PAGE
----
Irish mothers have dismissed reports which suggest that Ireland’s low breastfeeding rates may be the result of this country’s strong Catholic heritage.
“My Catholic heritage had no influence whatsoever on deciding to or
not to breastfeed,” one Irish mother who wished to remain anonymous told
She is a stay-at-home mum and carer who breastfed each of her three
children during the 1990s. She felt free to breastfeed while attending
training conferences by NAOMI Billings Ireland during her ten years as a
teacher of this method of natural family planning.
When she went to Castel Gandolfo near Rome for a four-day retreat,
she was given accommodation close to the venue by organisers who were
anxious to facilitate her breastfeeding.
She said that she would never breastfeed in a church during Mass,
“out of respect”, but she said she has never felt excluded from church
activities, and she and the other mothers supported each other fully.
The issue arose when Irish newspapers reported on Catholics’ lower
incidence of breastfeeding as presented in a new international study
published in the BMJ Global Health Journal.
In the study, researchers looked at breastfeeding data and the
percentage of Catholics and Protestants in populations in Western
nations including Ireland, France, the UK, Canada and the United States.
Having factored in data on national income and quality of life, they
found links between religious affiliation and breastfeeding rates in
Some of the key findings were that 46 per cent of women
in the Republic of Ireland have initiated breastfeeding, compared to 64
per cent in Northern Ireland, 75 per cent in the US and 87 per cent in
In the 1970s, Irish rates were at a low of 11 per cent.
Mothers who breastfed told Catholicireland.net that in their own
mothers’ generation in the 1960s it was felt that feeding milk formula
from a bottle was ‘progressive’. There was an attitude that bottle
feeding was ‘posh’ and something that some mothers aspired to.
By the time later generations came to breastfeeding in the 1990s, it
had swung the other way and seems to be continuing in that direction.
The mother told Catholicireland.net that income and lifestyle
choices are by far the biggest factors in deciding whether to breastfeed
or not. If the mother has to work she may feel she cannot breastfeed
or will have to wean before her maternity leave ends.
“Life is so fast. If you choose to breastfeed you are in a different
way of life, you have to slow everything down, it is a natural process.
All new mothers should rest anyhow but to breastfeed you do need to rest
and eat properly and it is a choice you make,” she said.
Mothers who intend to breastfeed today or who are already
breastfeeding – including those who wish to continue breastfeeding after
returning to work – can turn to a range of sources for support.
include supports within the healthcare system and voluntary
organisations run by mothers who have breastfed and who are trained in
offering support at all stages of the breastfeeding relationship between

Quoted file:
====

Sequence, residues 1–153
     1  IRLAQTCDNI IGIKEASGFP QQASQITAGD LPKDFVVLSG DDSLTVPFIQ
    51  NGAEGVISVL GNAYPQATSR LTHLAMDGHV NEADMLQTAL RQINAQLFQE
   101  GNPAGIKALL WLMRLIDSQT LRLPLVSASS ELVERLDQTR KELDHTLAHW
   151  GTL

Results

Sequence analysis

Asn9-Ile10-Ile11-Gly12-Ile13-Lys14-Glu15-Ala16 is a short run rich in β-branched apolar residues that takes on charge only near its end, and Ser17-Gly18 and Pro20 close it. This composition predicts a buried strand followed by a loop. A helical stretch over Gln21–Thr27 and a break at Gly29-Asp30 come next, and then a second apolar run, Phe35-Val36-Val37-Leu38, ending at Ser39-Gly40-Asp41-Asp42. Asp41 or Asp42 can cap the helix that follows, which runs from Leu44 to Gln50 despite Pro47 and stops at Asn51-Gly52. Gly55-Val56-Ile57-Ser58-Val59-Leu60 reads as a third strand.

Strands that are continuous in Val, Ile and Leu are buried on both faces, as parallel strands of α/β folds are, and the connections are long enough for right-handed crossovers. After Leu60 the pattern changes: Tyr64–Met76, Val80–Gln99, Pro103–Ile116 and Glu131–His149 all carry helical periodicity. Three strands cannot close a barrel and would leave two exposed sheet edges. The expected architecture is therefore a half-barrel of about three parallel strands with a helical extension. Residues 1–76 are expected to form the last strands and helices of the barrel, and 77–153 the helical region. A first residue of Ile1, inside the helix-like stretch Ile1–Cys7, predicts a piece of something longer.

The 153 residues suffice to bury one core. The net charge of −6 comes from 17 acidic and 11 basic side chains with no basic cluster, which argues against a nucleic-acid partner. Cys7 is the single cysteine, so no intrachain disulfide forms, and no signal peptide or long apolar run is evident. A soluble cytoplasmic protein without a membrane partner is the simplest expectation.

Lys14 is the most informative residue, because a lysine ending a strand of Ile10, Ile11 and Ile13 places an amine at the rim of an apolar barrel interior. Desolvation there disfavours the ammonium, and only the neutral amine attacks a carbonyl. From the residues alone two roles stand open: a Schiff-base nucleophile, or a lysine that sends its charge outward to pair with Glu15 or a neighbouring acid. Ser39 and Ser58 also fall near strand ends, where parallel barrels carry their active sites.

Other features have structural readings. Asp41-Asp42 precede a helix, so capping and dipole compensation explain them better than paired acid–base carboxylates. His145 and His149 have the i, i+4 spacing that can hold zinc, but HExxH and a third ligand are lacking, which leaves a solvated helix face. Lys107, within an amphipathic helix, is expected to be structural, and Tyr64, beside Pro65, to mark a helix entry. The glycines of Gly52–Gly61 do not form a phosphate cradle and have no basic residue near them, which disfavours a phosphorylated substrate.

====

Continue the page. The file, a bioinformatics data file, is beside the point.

mother and child.
found consistent negative correlations between Catholicism and
breastfeeding initiation rates,” researchers state in the study
conclusions. “Our results suggest that women living in a country or
region where Catholicism has historically dominated are less likely to
initiate breastfeeding, and that breastfeeding promotion policies should
be adapted to better fit populations’ cultural and religious norms.”
Another mother who breastfed all her children and continued to work
in her profession said that encouragement from health professionals and
strong role models helped her.
She experienced both private and public
hospitals in the late 1980s/early 1990s and believes that in public
hospitals the emphasis was on getting the mother and new baby ready to
go home within three days, so the bottle was often encouraged to speed
However, in the private hospital breastfeeding was encouraged
by the entire team, from consultant to nurse.
Her mother had been helped to breastfeed by an African nun in the
Medical Missionaries of Mary Hospital. She felt her mother was a role
model, as was her sister-in-law, a conservative Catholic.
decision to breastfeed was not curtailed by her Catholic heritage but
rather encouraged by strong role models who were Catholics. Her doctor
at the time was also a Catholic and known for strong pro-life views and
he too encouraged breastfeeding.
“I certainly was not influenced [by my Catholic heritage in the
decision to breastfeed],” she said. “I think it is more a Victorian type
of morality that they [the researchers] are talking about rather than a
During a baptism ceremony in the Sistine Chapel in 2015, Pope Francis
encouraged mothers to breastfeed their babies, saying “You mothers give
your children milk and even now, if they cry because they are hungry,
breastfeed them, don’t worry.”
In its conclusions the report does state it is an “ecological study”,
which means it measures one variable in population/s for an initial
investigation of causal hypothesis.
The researchers conclude: “Qualitative and quantitative studies at
the individual level are needed to confirm and explain our findings.”